I began writing and at first all my writing took the form of novels. I wanted if possible to create a quite complete picture of the individual in the kind of American life I myself had known. I wrote furiously. I thought little about style. I do not believe that at first I thought much about publication. I began a novel, sometimes writing forty, fifty, seventy-five thousand words, and then threw it aside. I began another. Now I no longer cared about drinking. I had become drunk with writing. More and more I neglected my business and one day, realizing that by my neglect of business I was being unfair to those who had invested money in it, I left the business and the town. And now here is something rather interesting. When I first went to my Ohio town to go into business, I was quite successful. For the first year or two there I made a good deal of money. I think that had I stayed faithful to the business, expanded it as it might well have been expanded, I might very well have become a rich man. Nowadays we in America think little of a man’s leaving a wife and children, but to walk off leaving perhaps some thousands of dollars seems to us a kind of insanity. Anyway I walked off. Afterwards, in fact up until the present moment, I have always made my living in a rather precarious way. I have been paid to come here and speak to you people, Quite often, when I am broke, I do what I am doing here. I go before people and talk to them. They pay me for it. As a writer I have never been a very successful man. Most of my books have never had much sale. However, I did have one novel that sold largely and with the money I bought a little farm and built a house to live in in Virginia. I think I can say that since the day when I walked down a railroad track, out of a certain Ohio town, leaving the business there for others to run, succeeding or failing with it, with but a few dollars in my pocket, making no claim to any future profits there might be in that business, I have led a rather full and happy life. I think that if I should die tomorrow, I could die feeling that life owed me little. I have collected rather richly as I went along.
And now as to the point of all this. There is a point. It is I think that the arts, any of the arts, rightly understood, rightly approached, are and should be, curative to the artist. Someone has said that the artist, in releasing himself, releases others. We all want this release. I think there is a good deal of absurd talk about a thing called genius. I do not believe in it much. I believe there is a certain value to be got out of my own experience. It is perhaps true that I, as an individual, could not have come to certain conclusions about living and the attitude toward life of the artist man if I had not had the experience of trying to succeed in another field. I think that right now in America it is more important to be little, with perhaps just a trifle flair to your littleness, than it is to be big and important. Personally I would rather be loved a bit in my home town than known to all the outside world. Perhaps I have merely come back to the point of view of my own father, a man I formerly thought a no-account. I would rather live in a hall bedroom to which there might come occasionally a friend or, if I am extremely fortunate, a woman who loves me, than to have a dozen big houses that would over-awe my friends.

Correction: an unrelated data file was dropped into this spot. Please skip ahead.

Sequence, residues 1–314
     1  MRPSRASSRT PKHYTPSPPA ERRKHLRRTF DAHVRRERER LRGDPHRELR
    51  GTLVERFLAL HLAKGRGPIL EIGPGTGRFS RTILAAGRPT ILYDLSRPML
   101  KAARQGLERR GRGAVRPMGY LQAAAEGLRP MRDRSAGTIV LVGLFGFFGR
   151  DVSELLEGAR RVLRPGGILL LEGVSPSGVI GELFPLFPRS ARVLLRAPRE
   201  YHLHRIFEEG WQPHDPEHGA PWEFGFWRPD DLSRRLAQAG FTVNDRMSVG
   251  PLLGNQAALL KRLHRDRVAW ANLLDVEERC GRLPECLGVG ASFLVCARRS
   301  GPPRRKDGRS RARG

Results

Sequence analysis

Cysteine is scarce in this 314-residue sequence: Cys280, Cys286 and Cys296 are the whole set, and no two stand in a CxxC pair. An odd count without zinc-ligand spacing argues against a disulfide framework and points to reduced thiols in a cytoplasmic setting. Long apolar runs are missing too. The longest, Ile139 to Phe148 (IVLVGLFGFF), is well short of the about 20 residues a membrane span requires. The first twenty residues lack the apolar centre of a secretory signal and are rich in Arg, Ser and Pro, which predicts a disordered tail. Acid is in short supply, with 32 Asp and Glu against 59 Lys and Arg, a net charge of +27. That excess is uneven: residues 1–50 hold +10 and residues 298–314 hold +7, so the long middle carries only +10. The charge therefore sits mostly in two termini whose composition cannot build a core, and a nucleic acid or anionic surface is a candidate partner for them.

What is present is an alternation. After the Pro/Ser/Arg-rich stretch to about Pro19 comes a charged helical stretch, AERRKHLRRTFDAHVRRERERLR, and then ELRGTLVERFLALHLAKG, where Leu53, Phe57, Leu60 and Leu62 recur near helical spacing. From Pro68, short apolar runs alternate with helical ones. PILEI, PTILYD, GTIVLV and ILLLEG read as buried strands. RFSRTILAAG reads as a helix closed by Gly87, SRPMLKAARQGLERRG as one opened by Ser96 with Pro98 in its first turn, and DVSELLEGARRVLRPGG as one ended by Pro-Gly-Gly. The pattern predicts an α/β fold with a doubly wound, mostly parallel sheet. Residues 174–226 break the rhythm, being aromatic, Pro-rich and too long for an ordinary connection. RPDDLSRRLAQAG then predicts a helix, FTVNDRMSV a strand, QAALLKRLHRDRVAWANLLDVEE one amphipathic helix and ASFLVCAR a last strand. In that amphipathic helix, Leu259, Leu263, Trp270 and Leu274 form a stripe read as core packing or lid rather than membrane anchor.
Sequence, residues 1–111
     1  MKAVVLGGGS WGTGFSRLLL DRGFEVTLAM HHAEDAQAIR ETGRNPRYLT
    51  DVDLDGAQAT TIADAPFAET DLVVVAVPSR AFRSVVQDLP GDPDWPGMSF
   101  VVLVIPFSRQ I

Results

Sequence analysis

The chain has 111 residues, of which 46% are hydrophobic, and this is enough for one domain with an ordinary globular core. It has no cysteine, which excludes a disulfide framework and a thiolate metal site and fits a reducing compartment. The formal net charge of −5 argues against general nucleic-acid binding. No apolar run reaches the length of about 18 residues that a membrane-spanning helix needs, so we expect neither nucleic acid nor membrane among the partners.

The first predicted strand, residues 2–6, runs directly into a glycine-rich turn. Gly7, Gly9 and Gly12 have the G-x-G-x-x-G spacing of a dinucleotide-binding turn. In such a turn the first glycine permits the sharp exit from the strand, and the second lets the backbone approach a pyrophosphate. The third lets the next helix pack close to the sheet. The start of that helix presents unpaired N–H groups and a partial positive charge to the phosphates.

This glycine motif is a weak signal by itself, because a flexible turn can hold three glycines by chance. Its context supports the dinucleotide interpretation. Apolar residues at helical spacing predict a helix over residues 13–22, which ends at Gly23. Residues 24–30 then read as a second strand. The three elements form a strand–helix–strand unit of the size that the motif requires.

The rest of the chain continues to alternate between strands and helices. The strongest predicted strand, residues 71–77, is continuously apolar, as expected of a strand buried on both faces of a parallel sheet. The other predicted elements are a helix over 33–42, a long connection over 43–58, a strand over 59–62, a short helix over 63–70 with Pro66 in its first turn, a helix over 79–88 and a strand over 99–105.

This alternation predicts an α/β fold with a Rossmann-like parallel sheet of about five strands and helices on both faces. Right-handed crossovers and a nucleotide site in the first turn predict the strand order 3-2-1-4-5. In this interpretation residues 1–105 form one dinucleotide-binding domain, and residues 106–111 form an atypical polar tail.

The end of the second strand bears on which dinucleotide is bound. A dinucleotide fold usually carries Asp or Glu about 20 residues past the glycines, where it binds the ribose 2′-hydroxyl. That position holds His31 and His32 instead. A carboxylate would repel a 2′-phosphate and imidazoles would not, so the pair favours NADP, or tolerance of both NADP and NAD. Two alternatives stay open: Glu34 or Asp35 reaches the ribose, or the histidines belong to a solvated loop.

I do not think you can shoot directly at happiness. I do think that sometimes, if the gods are good to you, you may incidentally get a touch of it. Everything in this world worthwhile shooting at is a little too subtle to be defined.
This, however, I believe is true. There are in this country and perhaps in this conference an infinite number of bright, talented young men and women. There is a job to be done. The opportunities before the American writer are certainly rich enough. The job that terribly wants doing is the creation of more and more understanding of man for man. I think that is the most important of the story tellers’ jobs. I certainly do not intend to pretend for a moment that I myself have always been faithful to this job. I have told something of my own personal history here merely to try to dispel a little the illusion that there is any particular happiness to be got out of success. I think what satisfaction there is that can be got out of life must be got in another way. I think you all know as well as I do what, from the artist’s point of view, is the real way.